I listened to this record 8 or 9 times, all along thinking it was on the verge of either a 3.5, but not quite. I figured my love and adoration might just push it over the edge, so I gave it a few more spins. Then it hit me, Long Slow Dance is perhaps the most focused and complete the Fresh & Onlys have completed up to this point in their short career. Given, they’ve stripped away a little bit of the reverb, but it makes way for a clarity that is really appreciated by those following Tim Cohen and company.
“20 Days and 20 nights” opens with a bit of a catchy jangle, holding back on the pace just a bit. It allows for the perfect introduction to a more polished-sounding Tim Cohen. His voice sounds steady, rather than wavering in the hazy distance as you’ve come to find on Fresh & Onlys records. If you listen closely this time around, you might even catch a bit more emotion in his voice–it’s barely audible, but listen closely. For me, an avid fan, it all indicates a more confident singer, and group for that matter. Years ago I couldn’t have imagine them creating tunes like “Long Slow Dance,” which closely resembles a folk ballad. Percussion is turned down low, giving the strum of the guitar and the dancing tambourine a little bit more emphasis. While they hold back in spots, they do unleash a little bit more power in various spots.
My first notice was “Yes or No?” Once that guitar enters accompanied by the drum, you know exactly that these guys mean business. Like most tunes on Long Slow Dance, it’s clearly linked to the annals of the band’s previous works, just with more punch. Or, you can listen to “Euphoria,” which again utilizes more pronounced drum work, not to mention some cascading guitar-lines. Honestly, the first ten second almost gave me a punk rock feel–that’s until Tim came into haunt the track with his heavy vocals. And, such emphatic songs are great in the scheme of things, but I really like the extra touches outside of the group’s normalcy that they’ve chosen to include.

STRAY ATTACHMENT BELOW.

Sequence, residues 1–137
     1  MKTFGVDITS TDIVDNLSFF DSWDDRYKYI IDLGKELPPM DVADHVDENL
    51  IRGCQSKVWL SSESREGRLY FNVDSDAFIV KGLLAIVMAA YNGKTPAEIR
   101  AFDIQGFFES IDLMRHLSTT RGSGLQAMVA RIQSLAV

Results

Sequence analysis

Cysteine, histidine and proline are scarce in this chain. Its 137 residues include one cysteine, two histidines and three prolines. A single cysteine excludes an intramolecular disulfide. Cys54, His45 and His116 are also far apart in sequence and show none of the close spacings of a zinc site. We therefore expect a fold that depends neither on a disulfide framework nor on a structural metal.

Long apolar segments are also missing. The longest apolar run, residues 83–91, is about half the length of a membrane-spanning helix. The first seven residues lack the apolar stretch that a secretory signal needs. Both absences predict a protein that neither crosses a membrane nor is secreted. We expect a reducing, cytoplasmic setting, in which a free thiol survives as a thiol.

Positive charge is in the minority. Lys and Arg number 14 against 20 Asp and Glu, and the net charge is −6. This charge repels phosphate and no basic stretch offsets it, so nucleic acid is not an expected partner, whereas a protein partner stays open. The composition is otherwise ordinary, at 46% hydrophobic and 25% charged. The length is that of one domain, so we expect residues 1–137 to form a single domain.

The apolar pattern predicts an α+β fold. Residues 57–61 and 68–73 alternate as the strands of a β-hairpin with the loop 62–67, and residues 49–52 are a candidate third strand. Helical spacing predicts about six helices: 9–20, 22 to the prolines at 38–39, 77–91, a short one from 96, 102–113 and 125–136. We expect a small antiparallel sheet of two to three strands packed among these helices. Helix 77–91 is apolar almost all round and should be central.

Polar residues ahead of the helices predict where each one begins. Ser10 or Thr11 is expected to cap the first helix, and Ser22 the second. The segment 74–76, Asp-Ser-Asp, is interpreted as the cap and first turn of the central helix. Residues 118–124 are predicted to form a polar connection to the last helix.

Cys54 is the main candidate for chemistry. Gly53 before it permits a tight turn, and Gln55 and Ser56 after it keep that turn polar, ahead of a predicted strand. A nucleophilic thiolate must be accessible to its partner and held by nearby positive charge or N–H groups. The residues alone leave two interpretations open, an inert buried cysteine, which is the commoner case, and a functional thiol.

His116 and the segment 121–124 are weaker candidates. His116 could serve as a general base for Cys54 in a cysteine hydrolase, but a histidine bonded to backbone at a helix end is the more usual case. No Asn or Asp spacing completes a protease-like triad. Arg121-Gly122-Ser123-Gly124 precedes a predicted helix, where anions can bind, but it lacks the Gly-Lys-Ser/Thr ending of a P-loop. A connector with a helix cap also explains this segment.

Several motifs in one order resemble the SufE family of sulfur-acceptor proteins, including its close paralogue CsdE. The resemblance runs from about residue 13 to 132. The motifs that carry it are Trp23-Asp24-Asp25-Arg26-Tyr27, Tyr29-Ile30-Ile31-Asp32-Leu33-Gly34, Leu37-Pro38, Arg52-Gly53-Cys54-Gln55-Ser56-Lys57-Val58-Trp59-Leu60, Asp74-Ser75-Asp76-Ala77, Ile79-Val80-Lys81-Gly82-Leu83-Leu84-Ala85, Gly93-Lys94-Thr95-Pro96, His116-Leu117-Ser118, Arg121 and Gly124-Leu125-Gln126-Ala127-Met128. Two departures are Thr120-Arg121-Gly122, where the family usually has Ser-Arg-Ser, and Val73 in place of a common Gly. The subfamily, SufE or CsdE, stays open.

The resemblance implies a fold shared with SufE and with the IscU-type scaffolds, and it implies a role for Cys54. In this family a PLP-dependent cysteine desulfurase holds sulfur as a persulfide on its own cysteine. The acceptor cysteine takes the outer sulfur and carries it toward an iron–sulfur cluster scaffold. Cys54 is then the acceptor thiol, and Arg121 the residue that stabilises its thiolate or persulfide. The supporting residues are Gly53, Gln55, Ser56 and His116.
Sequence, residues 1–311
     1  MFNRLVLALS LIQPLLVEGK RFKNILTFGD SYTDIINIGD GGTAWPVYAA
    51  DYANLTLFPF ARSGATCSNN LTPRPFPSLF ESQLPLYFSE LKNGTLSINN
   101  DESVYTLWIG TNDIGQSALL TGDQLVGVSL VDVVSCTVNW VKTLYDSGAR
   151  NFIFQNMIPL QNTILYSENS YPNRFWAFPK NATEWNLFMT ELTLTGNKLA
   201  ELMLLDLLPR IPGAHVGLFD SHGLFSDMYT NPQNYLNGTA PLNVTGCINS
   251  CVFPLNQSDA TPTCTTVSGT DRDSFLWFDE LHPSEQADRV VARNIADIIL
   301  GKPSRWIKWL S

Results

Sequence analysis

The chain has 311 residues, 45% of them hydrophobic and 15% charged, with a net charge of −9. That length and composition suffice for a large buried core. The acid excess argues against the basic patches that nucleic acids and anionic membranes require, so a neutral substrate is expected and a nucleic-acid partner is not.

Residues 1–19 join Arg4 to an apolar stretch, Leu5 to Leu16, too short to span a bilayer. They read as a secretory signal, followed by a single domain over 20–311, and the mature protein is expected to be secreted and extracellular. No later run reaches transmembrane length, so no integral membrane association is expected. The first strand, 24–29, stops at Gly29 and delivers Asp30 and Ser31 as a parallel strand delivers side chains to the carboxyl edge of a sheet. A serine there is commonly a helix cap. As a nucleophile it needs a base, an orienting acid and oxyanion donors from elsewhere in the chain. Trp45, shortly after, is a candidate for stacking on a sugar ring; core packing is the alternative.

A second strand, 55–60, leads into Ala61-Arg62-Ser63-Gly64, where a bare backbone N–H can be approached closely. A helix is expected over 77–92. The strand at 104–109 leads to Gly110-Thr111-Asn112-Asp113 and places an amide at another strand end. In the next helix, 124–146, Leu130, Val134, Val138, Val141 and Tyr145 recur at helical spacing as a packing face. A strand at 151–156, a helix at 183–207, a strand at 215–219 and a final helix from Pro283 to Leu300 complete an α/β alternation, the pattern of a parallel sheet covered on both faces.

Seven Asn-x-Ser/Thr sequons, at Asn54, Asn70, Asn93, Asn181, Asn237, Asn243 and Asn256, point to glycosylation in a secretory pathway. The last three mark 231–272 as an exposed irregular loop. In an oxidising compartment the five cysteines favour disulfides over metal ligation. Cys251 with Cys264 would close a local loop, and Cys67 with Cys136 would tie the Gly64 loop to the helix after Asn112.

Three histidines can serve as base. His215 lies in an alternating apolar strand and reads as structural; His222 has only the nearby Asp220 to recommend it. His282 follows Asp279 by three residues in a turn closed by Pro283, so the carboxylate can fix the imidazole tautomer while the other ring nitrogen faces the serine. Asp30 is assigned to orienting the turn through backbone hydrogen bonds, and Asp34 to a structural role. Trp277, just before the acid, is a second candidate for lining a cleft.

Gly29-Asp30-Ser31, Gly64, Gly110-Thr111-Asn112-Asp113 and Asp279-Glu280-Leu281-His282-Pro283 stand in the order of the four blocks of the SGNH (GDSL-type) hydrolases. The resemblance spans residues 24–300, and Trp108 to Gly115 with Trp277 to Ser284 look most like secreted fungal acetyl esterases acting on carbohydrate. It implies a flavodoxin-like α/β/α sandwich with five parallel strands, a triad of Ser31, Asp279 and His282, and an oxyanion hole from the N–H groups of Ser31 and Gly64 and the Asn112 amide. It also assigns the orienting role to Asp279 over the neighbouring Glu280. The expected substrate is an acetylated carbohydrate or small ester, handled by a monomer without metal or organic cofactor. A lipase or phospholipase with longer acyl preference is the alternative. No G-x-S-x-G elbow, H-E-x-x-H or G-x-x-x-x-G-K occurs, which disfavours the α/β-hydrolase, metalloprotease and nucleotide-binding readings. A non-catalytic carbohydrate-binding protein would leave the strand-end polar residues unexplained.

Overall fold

Have you listened to “Fire Alarm?” It’s got a strong electronic bent to begin, and while that remains slightly in the back, there’s a definite groove that doesn’t sound too familiar on most Fresh & Onlys albums, being one of the reasons I really like it. Take the group’s psychedelic touch, mix it in with hints of the 80s swatch, and you have one of the most intriguing songs on the record. Or you might want to take a look at “Foolish Person,” where you’ll find the band flirting with touches of modern pop construction, using Tim’s vocal to captivate listeners while the rest of the posse work their magic…and then it just blasts off into experimental noise to wrap out the 6 minute track. There’s not much else like it in the band’s catalogue.
While I may have been on the fence a bit, that’s just my own idiocy. Long Slow Dance finds the San Francisco group mixing in newer influences and stronger studio production to knock this one out of the park. You know Fresh & Onlys can write great songs, but this time they’ve written twelve, using every bit of their influences to create a refreshing record that only gets better the more you listen.